GOOD old William Shakespeare celebrated his 450th birthday last week but the history books tell us he wasn’t much of a footie fan.
Back when he was scratching out sonnets with quill and ink, the beautiful game was a rather violent pass-time, usually regarded with distain by the gentry.
The Bard does give football a couple of mentions in his work – King Lear containing the disparaging line: “Nor tripped neither, you base football player.”
A Comedy of Errors – which would later be picked up in football parlance as any opponents’ goal that contains more than one mistake by the home defence – has a whole passage in Act Two, Scene One.
Am I so round with you as you with me, That like a football you do spurn me thus?
You spurn me hence, and he will spurn me hither: If I last in this service, you must case me in leather.
Now, I’m no thespian, but it doesn’t sound like Bill had a season ticket. He probably didn’t even have Sky Sports.
But it’s incredible to think that four-and-a-half centuries later, his words and phrases are still being used frequently everywhere from Hackney Marshes to Wembley Stadium.
Here, I present a list of Shakespearean idioms and a definition of how they are used in modern football.
Dogs of war: Used to describe any rough and tumble team, especially Joe Royle’s 1995 FA Cup winning side at Everton.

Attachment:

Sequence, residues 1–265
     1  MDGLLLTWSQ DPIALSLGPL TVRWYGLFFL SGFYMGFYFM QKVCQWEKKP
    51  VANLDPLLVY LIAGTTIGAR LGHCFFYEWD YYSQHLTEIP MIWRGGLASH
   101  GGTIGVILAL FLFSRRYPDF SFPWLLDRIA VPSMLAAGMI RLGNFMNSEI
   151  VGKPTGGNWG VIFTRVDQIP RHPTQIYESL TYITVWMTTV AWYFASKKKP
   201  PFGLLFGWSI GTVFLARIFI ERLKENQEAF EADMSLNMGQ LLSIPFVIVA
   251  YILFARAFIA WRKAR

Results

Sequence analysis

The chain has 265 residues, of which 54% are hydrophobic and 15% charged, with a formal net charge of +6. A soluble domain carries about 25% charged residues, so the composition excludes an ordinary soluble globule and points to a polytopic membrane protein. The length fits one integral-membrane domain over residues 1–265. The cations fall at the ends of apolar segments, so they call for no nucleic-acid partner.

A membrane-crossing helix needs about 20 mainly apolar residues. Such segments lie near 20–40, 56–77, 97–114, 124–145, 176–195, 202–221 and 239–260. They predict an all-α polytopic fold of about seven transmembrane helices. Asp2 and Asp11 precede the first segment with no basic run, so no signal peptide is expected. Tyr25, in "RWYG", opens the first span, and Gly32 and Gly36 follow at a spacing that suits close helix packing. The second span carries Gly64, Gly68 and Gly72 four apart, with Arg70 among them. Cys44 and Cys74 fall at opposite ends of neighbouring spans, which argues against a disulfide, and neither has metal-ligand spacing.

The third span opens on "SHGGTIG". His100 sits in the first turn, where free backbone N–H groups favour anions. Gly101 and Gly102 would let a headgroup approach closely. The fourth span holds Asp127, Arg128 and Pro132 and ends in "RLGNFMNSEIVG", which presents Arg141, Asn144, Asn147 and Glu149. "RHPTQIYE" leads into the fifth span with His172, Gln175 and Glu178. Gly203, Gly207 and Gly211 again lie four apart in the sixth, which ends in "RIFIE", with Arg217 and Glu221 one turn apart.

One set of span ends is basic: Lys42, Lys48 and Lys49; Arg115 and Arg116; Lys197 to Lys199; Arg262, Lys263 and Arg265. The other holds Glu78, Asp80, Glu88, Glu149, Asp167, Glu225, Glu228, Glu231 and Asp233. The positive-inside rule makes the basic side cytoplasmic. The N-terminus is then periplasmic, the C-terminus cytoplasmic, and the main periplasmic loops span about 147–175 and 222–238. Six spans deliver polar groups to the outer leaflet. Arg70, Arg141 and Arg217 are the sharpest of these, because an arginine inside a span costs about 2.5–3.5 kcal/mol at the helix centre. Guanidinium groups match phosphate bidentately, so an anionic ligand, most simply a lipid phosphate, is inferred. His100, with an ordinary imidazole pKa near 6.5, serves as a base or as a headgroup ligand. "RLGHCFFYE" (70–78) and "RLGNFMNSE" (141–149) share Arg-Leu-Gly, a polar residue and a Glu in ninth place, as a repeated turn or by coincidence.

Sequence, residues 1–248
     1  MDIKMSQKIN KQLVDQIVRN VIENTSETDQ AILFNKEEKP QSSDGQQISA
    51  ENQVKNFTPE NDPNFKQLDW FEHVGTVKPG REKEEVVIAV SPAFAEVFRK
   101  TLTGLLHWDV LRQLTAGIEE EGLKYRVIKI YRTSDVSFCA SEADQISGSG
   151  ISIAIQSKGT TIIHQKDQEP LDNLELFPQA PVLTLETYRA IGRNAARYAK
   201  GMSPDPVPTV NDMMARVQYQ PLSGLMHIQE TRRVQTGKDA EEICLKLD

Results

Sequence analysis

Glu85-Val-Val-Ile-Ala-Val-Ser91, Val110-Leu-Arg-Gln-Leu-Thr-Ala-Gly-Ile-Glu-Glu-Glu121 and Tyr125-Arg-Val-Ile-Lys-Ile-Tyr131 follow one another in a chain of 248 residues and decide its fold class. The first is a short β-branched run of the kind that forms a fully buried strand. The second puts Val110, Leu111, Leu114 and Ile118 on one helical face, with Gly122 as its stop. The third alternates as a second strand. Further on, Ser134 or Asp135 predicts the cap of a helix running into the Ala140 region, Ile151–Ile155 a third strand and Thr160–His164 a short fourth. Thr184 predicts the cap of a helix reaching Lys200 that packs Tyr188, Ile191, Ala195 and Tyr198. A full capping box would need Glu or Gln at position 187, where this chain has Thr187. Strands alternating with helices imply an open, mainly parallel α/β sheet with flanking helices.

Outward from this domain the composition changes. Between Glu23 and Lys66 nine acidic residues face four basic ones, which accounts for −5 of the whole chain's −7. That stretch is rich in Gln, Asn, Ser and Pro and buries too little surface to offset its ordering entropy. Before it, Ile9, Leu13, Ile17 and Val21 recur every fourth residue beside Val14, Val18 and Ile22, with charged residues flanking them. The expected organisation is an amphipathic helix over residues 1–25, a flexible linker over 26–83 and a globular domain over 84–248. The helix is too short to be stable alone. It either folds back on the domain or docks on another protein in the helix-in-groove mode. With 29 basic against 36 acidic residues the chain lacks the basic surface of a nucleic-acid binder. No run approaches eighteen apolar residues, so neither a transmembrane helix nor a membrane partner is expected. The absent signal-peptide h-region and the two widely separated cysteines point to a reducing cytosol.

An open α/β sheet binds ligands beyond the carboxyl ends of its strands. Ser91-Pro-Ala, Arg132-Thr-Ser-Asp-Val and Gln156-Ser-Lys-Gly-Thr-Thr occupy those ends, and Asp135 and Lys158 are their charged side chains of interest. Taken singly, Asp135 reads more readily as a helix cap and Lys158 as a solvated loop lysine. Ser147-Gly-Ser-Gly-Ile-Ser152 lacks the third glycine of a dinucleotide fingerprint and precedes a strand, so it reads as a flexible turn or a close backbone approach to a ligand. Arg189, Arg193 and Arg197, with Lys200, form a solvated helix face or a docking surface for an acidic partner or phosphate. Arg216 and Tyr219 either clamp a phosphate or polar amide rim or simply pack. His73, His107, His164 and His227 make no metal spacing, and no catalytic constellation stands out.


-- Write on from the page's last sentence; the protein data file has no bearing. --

All that glitters is not gold: What David Moyes may be thinking right now.
Method to his madness: What Wanderers fans were hoping would be the case when Dougie Freedman lined-up with a back five against Leicester City on Tuesday night.
Set your teeth on edge: What happens when you see a particularly nasty injury, e.g. David Busst, Eduardo.
Faint-hearted: Who shouldn’t watch the video of said tackles on YouTube.
So-so: A fair adjective to describe Wanderers’ season.
Good riddance: What a lot of Bolton fans said when the club sacked Gary Megson.
Seen better days: What a lot of Bolton fans said when the club signed Peter Beardsley.
Too much of a good thing: Mario Jardel.
Send him packing: Mario Jardel again.
Fight fire with fire: Not advisable. Contravenes a lot of health and safety laws.
Wear your heart on your sleeve: Jay Spearing’s mantra.
Come what May: Summer holidays for footballers.
Come full circle: Wanderers now looking for a proven goalscorer.
Vanish into thin air: Tyrone Mears.
Be all and end all: Premier League football for big spending QPR next season.
Dead as a doornail: QPR’s automatic promotion hopes.
Wild goose chase: Wanderers trying to sign Portugal international Miguel Veloso a few years back.
A sorry sight: The derelict pubs and buildings around the old Burnden Park.